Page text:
Online security is still a topic of conversation for many board members, but according to a panellist of speakers at the Cisco Cybersecurity Day briefing on Thursday, the traditional impression that online security is renowned as being the "guns and gates" of preventing things from happening needs to change.
Instead, Alistair MacGibbon, Dimension Data Australia general manager of security, argued that people's perspective of online security should be that it helps write the right rules around what information is being accessed and eliminates any "white noise".
"It really is, not only just rightly about enabling, but it's about understanding what's happening on networks, and then once you know what's going on in the network, you want to look for the egregious things you want to know," he said.
Cisco global vice president of information security Steve Martino drew on Cisco's experience embracing BYOD in the company as an example to illustrate that security played a role in helping the company create a "trust platform". He said the company essentially gave its staff a list of requirements they needed to be met before they could be granted access to its network, and if they were unable to do that then their access were limited.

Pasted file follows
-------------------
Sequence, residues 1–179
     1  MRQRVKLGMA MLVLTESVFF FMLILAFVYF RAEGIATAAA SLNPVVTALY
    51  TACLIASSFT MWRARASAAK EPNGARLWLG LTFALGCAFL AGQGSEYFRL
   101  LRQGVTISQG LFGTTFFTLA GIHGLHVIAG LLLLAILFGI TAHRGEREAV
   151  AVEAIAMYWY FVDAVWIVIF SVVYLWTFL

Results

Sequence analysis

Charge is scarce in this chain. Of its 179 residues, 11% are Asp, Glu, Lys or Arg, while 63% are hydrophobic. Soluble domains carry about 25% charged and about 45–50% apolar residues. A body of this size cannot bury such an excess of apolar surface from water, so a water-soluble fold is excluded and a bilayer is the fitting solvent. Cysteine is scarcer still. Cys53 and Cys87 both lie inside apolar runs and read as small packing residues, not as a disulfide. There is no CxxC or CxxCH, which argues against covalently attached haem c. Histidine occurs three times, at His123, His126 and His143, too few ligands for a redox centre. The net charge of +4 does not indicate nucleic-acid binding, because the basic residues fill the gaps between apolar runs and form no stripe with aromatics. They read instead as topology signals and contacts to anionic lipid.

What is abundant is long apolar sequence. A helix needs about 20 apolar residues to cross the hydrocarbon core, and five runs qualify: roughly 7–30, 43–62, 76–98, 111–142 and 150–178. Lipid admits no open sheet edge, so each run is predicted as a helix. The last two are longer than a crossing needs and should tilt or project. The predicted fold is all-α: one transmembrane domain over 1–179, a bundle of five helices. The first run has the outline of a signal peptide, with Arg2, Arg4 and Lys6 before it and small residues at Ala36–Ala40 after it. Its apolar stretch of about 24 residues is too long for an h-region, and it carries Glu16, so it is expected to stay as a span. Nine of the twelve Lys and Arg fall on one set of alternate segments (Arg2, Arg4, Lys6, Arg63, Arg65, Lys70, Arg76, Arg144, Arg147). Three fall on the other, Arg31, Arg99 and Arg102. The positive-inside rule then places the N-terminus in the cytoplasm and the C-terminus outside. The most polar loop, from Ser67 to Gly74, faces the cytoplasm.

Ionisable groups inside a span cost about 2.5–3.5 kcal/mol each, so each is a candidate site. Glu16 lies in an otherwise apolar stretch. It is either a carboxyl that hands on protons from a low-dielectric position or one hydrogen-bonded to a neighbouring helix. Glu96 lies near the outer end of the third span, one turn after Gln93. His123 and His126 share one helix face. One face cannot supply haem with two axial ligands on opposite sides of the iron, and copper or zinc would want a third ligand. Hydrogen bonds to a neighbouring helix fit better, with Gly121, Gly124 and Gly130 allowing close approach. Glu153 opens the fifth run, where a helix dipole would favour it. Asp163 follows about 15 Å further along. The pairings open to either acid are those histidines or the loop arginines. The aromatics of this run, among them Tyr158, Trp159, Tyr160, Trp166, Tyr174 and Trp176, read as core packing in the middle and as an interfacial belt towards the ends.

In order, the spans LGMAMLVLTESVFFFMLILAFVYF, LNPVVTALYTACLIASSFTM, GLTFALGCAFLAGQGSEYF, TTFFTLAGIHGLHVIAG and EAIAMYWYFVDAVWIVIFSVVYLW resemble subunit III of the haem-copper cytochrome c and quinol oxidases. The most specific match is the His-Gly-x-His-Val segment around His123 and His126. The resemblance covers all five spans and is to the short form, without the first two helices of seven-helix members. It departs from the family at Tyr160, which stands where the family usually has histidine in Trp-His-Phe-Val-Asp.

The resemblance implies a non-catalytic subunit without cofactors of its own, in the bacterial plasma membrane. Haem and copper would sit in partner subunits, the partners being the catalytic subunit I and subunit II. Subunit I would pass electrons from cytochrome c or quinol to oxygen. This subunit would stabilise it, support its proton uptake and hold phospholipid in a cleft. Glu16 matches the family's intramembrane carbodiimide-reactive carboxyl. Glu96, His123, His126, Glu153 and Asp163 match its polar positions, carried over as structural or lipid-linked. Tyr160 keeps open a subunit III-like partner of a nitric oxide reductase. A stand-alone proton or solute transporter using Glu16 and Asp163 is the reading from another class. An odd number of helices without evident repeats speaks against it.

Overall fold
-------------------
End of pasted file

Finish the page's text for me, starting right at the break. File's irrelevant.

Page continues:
"This was a flip from security being a controlling management, instead we told our staff 'Here are some of the things you need to do before you can have access to the networks'," said Martino, who believes this has helped the company establish a basic security structure and guideline for any technology that will be brought into the environment in the future.
The panel also highlighted that a common factor letting businesses down when it comes to security is the lack of education, particularly more so among the small to medium business sector, and suggested that companies need to run different education programs for different departments within their organisations, with Martino saying it will make them "aware of risks and obligations" and it will be a "very focused way" to do it.
Cisco has indicated the approach businesses need to take when it comes to deploying security is through layers, much like how they would currently deploy new infrastructure, so in turn if an issue arises, there will always a form of backup. The security infrastructure should be made up with four layers: infrastructure element, security services platform, security services and apps, and then management to oversee the entire structure.
"The threat environment is a never ending flow of vulenerabilities and therefore it needs defence in depth and layers," said Jason Smith, technical director of the Australian government computer emergency response team.